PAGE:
Jeremy Hunt's opening remarks at press conference with Mike Pompeo

9 May 2019 12:55 PM

The Foreign Secretary spoke on 8 May, alongside the US Secretary of State, on the Anglo-American alliance, the Iran nuclear deal and the situation in Venezuela.

Good afternoon.

I’m delighted to welcome Secretary Mike Pompeo to the Foreign Office for his first bilateral visit to Britain. And it’s a privilege to reaffirm the strength of the friendship between our 2 countries.

The Anglo-American alliance was forged in the greatest struggle against tyranny the world has ever known. We will soon commemorate the 75th Anniversary of the Normandy Landings, when Britain and America joined forces with our Allies to begin the liberation of Europe.

We look forward to welcoming President Trump to mark that occasion – and it’s fitting that Secretary Pompeo should be our guest on VE Day.

I’m proud to say that in defence and security, Britain and America co-operate more closely than any 2 countries in the world. We keep our people safe; we entrust one another with intelligence that saves lives on both sides of the Atlantic.

Just last year, when the Russian state used a chemical weapon in Salisbury, America responded by expelling 60 Russian officials – more than any other country – an act of friendship for which I repeat my thanks.

We stand together in defence of the values upon which our nations were founded.

Today Secretary Pompeo and I met faith leaders, including the Archbishop of Canterbury, to discuss how we can better protect freedom of religion in a world where people of all faiths – including 245 million Christians – face persecution for practising their beliefs.

This is an issue close to both our hearts. The recent atrocities in New Zealand and Sri Lanka remind us just why.

And I am thankful that today we have a glimmer of light with the news that Asia Bibi will be able to embark on a new chapter in her life. I welcome the government of Pakistan’s commitment to uphold the rule of law following the decision of its Supreme Court to confirm her acquittal. Britain’s primary concern has always been the safety of Asia Bibi and her family; we have been in contact with our partners to help ensure that she gets the freedom and security she deserves.

Today, the Prime Minister and I have had excellent discussions with Secretary Pompeo on a range of global challenges, including China and the situations in Yemen and Iran.

Let me focus on 2 of those issues.

First, Iran.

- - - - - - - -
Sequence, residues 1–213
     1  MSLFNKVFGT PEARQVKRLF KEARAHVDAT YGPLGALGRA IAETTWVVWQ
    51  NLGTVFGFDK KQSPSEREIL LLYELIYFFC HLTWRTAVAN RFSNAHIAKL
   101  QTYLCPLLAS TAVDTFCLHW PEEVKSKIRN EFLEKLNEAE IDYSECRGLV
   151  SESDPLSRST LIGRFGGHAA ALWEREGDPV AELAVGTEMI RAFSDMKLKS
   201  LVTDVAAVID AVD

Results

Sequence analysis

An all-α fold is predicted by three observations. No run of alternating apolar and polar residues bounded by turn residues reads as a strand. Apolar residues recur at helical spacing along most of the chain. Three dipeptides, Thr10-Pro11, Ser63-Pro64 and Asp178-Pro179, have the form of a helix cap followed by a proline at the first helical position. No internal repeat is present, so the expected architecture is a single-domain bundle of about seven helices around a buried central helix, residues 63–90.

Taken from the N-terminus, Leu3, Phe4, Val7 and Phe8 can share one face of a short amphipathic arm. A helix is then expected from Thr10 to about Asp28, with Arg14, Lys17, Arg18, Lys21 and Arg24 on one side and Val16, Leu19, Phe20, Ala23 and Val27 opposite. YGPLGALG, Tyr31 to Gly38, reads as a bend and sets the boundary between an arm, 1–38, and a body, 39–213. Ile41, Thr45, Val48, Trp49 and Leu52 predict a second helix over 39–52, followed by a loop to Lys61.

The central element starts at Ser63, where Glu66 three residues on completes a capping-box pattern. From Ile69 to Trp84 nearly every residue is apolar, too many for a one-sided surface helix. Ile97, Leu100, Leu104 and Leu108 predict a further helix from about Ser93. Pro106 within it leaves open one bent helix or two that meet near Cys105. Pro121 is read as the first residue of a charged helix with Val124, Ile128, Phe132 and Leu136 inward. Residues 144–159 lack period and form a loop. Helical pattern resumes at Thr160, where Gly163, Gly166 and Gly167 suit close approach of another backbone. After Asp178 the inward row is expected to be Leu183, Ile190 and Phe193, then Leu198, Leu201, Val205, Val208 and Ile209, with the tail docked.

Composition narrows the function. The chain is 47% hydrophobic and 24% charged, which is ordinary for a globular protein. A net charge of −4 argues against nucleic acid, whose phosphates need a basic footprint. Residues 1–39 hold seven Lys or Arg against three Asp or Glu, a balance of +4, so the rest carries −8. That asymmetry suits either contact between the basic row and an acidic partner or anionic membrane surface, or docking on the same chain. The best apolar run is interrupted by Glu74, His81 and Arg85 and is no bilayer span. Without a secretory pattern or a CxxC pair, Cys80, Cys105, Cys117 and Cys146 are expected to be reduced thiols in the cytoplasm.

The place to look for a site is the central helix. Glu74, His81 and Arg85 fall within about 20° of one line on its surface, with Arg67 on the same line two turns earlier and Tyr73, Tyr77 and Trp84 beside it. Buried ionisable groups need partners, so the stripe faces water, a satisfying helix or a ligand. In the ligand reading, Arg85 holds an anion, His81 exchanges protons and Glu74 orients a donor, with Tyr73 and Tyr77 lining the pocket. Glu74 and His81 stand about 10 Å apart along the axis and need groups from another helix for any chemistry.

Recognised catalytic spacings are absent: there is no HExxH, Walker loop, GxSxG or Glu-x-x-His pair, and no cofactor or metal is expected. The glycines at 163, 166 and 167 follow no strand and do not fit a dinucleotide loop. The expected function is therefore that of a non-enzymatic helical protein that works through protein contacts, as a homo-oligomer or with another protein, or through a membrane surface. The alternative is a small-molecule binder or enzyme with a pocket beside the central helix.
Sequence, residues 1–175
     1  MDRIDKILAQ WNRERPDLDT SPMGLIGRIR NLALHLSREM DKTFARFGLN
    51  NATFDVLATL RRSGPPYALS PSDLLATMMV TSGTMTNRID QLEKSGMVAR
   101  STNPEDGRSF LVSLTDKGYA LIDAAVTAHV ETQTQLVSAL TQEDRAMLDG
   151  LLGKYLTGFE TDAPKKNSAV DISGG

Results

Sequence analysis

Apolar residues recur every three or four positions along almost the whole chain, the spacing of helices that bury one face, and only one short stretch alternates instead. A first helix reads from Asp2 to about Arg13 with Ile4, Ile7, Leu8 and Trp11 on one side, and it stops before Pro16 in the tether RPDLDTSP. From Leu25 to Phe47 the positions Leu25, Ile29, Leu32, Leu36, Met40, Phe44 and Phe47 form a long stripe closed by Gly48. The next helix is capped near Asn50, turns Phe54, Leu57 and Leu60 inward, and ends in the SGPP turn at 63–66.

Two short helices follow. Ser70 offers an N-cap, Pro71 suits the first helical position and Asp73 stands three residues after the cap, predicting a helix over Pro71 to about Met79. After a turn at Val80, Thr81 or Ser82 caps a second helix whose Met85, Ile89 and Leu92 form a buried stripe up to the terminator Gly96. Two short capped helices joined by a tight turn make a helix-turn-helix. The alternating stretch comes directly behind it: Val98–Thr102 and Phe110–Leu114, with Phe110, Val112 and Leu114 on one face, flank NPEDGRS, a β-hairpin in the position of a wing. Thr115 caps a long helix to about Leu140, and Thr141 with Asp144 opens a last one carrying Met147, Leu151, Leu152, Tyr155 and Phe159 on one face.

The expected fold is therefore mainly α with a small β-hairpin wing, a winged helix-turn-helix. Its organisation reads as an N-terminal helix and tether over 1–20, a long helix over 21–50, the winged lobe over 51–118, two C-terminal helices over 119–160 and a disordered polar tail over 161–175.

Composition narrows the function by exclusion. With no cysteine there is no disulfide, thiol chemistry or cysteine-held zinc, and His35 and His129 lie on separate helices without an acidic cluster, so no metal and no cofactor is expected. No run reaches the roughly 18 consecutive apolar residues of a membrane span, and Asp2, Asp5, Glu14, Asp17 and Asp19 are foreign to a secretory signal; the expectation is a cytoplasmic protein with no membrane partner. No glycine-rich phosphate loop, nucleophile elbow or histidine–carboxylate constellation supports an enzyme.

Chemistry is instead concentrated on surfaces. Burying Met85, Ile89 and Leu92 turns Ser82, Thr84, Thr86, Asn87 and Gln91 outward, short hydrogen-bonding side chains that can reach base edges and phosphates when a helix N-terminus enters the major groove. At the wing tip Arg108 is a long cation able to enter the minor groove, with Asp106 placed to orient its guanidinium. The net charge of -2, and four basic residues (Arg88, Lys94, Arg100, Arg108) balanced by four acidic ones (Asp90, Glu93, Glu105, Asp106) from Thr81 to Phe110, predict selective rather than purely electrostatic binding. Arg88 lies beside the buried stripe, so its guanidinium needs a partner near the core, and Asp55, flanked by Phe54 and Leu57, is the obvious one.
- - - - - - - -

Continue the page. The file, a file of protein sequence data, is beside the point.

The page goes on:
The UK and US work incredibly closely on Iran, including to counter Iran’s destabilising activity in the Middle East. Whilst we both agree that Iran must never be able to acquire a nuclear weapon, it is no secret that we have a different approach on how best to achieve that.

The UK has continued to support the nuclear deal, which is a key achievement of the global non-proliferation architecture, because we believe it is in our shared security interests.

But today’s announcement from Tehran about its commitments under the deal is an unwelcome step. I urge Iran not to take further escalatory steps and to stand by its commitments.

Sanctions were lifted in exchange for restrictions on Iran’s nuclear programme. Should Iran cease to observe its nuclear commitments, there would of course be consequences. For as long as Iran keeps its commitments, then so too will the United Kingdom.

Turning to Venezuela, I am deeply concerned by the plight of the Venezuelan people who have suffered so much at the hands of Maduro.

We must intensify pressure on the regime, including through potential further sanctions, and condemn those who are propping up Maduro, particularly Russia whose deployment of military personnel in Caracas will achieve nothing except prolong the suffering of the Venezuelan people.

That’s why earlier today the Foreign Office expressed our deep concern about the Kremlin’s actions to the Russian Chargé d’Affaires.

As we respond to these challenges, Britain and America are united by the values that have always been at the heart of our alliance.

Our countries cherish the same beliefs in liberty, democracy and the rule of law. The anniversary of D-Day reminds us how the valour and sacrifice of a previous generation saved those values from tyranny. Our duty is to follow in this great tradition.

Let me close by repeating my welcome to Mike, who is a great friend of the United Kingdom. We are proud to stand shoulder to shoulder with the United States to defend our values.

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